So in the days or even minutes before each show we sent out tweets asking for astronomy questions. And so that the Back to Earth team could search for the questions in their Twitter feeds we asked people to include #QStargazing in their tweets.
I think we did pretty well on Twitter. Only one person manned the decks at a time but by the end of the series we’d tweeted over 700 times to 27,000 followers. Altogether there were more than 66,000 tweets made by people about the show. We even had a direct message from Chris Hadfield, an astronaut on board the International Space Station (still boggles my mind).
Saying that, the fantastic response to the programme on Twitter meant it was hard to stay across it all. Indeed, #stargazinglive trended worldwide for 15 minutes during the first episode. Next time (if they ask me back) I’d like to plan even more – though you still need to be spontaneous and react to unfolding events.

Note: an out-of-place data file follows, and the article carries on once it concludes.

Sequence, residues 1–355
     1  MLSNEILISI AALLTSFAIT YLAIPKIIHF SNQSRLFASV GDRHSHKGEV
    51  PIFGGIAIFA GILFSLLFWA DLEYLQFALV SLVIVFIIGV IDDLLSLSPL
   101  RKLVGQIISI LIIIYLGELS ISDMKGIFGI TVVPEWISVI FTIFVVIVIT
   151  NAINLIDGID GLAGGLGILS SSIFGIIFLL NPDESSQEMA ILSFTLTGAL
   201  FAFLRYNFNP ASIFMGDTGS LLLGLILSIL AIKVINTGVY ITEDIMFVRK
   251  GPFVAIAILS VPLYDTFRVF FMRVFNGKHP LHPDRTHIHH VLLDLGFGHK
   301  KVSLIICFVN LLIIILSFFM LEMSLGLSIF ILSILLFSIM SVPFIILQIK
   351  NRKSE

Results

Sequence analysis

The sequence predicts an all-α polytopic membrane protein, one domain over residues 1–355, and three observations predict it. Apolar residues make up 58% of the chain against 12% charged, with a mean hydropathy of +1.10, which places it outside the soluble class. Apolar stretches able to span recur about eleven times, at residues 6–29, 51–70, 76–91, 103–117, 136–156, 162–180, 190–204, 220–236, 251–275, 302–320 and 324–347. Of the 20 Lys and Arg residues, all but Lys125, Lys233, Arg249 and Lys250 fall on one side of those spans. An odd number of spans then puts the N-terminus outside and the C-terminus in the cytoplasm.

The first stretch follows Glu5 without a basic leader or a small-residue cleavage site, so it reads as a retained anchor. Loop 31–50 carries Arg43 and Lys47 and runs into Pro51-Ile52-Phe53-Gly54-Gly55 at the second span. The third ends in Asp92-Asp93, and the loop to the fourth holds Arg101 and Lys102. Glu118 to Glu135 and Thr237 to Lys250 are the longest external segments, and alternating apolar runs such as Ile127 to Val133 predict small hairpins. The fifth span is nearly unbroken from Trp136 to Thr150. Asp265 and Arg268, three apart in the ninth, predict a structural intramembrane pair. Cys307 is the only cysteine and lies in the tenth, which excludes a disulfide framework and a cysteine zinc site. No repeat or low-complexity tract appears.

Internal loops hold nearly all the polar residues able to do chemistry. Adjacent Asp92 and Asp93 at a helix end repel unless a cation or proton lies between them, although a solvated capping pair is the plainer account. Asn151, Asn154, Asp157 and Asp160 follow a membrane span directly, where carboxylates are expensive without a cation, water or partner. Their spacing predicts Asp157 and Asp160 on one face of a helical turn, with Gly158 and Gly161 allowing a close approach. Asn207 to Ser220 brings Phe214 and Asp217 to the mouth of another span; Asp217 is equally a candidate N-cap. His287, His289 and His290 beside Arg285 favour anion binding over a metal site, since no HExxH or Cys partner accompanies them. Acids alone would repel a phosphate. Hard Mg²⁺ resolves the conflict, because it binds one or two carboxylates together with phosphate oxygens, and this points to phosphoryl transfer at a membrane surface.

The Stagrazing LIVE and Sky at Night Flickr group
Right, I’ll quickly whizz through the other ways we grabbed the audience with our social tentacles, starting with Flickr.
Ever since Stargazing started in 2011 it’s shared a Flickr photo group with The Sky at Night. I wasn’t involved back then but it was a smart move to tap into this existing and passionate astrophotography community and great to join up a revered BBC astronomy show with the new kid on the block.
Beyond the simple pleasure of sharing your starry snaps with others, there’s a further incentive: national fame! Each night on Back to Earth astronomer Mark Thompson discusses his favourites. And it’s a handy resource for making extra online content too, such as this audio slideshow. As I write the Flickr photo group comprises almost 5,000 members and over 31,000 uploads.
Astronomer Mark Thompson shows his favourite snaps from our Flickr photo group on live TV